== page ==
Robert Milton’s (a great name for an author, eh?) Seed of Doubt seemed to start off like most mystery/crime related fiction would. But before you get too far into the book you realize that this is not going to be fit your standard mode. The story lines focus around the lives of Connor Bryce and wife Kelly as well as John and Annika Mims. Connor Bryce seems to be an unassuming hard-working character whose innovation seems to be putting his family on the right track. The love story between John and Annika seems almost surreal as you see it laid out before you and find yourself captivated by their back-stories. But the intersection of their lives and the complex issues that come to life keep you spellbound as you find yourself lost in the tempo of Milton’s premier novel. As the plot unfolds you find yourself not even sure of who to root for. Do you find yourself sympathizing with the anti-protagonist or rooting for “justice” to be done?

Ultimately Seed of Doubt becomes a novel about all of us. Where do we find ourselves in the complexities of life and temptation? Do we live our lives out of a paradigm of guilt and deception or do we live in authenticity and freedom? I for one loved this book and am reluctant to admit, but even found myself tearing up in the conclusive scenes. This book would be a great read for anyone looking for a provocative yet intentional look at the power of the human heart and mind. I for one will look forward to Milton’s next book as I am sure this is just the beginning of an ongoing career.

If you want to know where to pick up Seed of Doubt, you can find it here: http://www.amazon.com/Seed-Doubt-Robert-Milton-ebook/dp/B00H2Q2MKG/ref=sr_1_1?ie=UTF8&qid=1394118364&sr=8-1&keywords=seed+of+doubt. And if you enjoy reading novels as much as I do, do yourself a favor and go out and grab it today. You might even have it just in time for that Spring Break beach read.


death to cynicism

This morning as I was pouring over my Twitter feed I noticed something aside from all of the tweeted pleas of school cancellations. I have a lot of cynical voices pouring into my life. Granted, most days I will read a lot of these updates, resonate with them and go on with my day, but today was different. Often times I can get behind the cynicism of the people I follow because I find myself to be cynical as well. After all, I am part of the generation raised on X-Files…”Trust no one”. And I like to think of myself as part of the “mosaic” or “millennial” generation of the church that is seeking change for the good of the Kingdom. But it seems to me that often this “change” that is being spoken of is being ushered in all wrong. Don’t get me wrong, I don’t always like some of the main stream methods of doing church or interpreting the Bible or even how Christianity is depicted to the masses, but is cynicism the only way?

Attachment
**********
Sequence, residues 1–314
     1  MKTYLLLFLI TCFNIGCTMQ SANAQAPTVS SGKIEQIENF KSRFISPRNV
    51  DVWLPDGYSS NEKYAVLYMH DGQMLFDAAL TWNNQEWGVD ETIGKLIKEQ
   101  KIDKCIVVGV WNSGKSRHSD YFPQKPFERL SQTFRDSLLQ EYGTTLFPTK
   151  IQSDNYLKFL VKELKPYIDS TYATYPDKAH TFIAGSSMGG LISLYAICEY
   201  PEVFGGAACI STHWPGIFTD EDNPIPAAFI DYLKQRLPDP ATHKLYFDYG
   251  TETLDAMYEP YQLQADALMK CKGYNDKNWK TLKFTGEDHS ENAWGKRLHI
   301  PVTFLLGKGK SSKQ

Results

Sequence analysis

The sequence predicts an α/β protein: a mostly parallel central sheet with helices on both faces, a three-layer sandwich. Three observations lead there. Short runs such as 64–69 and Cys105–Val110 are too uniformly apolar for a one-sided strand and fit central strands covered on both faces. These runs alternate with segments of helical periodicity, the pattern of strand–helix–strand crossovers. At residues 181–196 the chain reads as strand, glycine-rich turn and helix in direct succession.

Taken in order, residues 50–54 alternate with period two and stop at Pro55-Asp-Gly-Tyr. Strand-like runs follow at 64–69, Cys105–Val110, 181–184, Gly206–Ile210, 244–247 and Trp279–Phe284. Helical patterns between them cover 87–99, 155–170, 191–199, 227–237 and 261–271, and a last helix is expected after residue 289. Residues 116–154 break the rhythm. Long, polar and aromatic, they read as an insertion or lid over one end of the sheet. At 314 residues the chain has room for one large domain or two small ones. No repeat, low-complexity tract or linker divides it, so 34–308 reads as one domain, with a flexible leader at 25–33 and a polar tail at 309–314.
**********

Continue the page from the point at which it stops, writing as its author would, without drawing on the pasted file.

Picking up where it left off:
In his letter to the church in Ephesus the apostle Paul writes, “Do not let any unwholesome talk come out of your mouths, but only what is helpful for building others up according to their needs, that it may benefit those who listen.” – Ephesians 4:29. I have always loved this verse. And for the longest time I thought it referred to “coarse joking” or “harsh language”, but I think I have found that it really applies more to the disease of cynicism running rampant in some of the young leading voices in the world today. The word the writer uses for unwholesome is sapros. And it most commonly is defined as being rotten or putrid, but it can also mean corrupted by age or worn out. My problem with cynical talk is it is corrupted…worn out. Anyone can be cynical. Really! There is even a school of philosophy (and I know I am going to oversymplify this so forgive me all of my philosophical and theological brethren) called deconstructionism. And the gist of it is to tear down existing paradigms to get down to the root of what is being espoused. But the problem is they rarely have a better alternative.

And I think that is my problem with cynicism in general. It is very easy to tear down existing systems and paradigms. It takes a lot more creativity and work to provide a better alternative. But isn’t that what we are called to do. What comes out of our mouths is meant to be helpful and to build others up around us. Not alienate and destroy them. And that really is what the Kingdom of God is all about. Maybe if we learn to take on speech that is reflective of a hopeful eternal kingdom we would begin to see fruits in a new way. Jesus put it this way, “The kingdom of heaven is like a mustard seed, which a man took and planted in his field. Though it is the smallest of all seeds, yet when it grows, it is the largest of garden plants and becomes a tree, so that the birds come and perch in its branches.” (Matthew 13:31-32) This is the fruit of Kingdom speech and life.

So I say Death to Cynicism. May our speech, posts, tweets, texts, etc. reflect the hope to which we have been called. And may we speak life into those around us for the sake of Christ who gave his life for us!


one night stand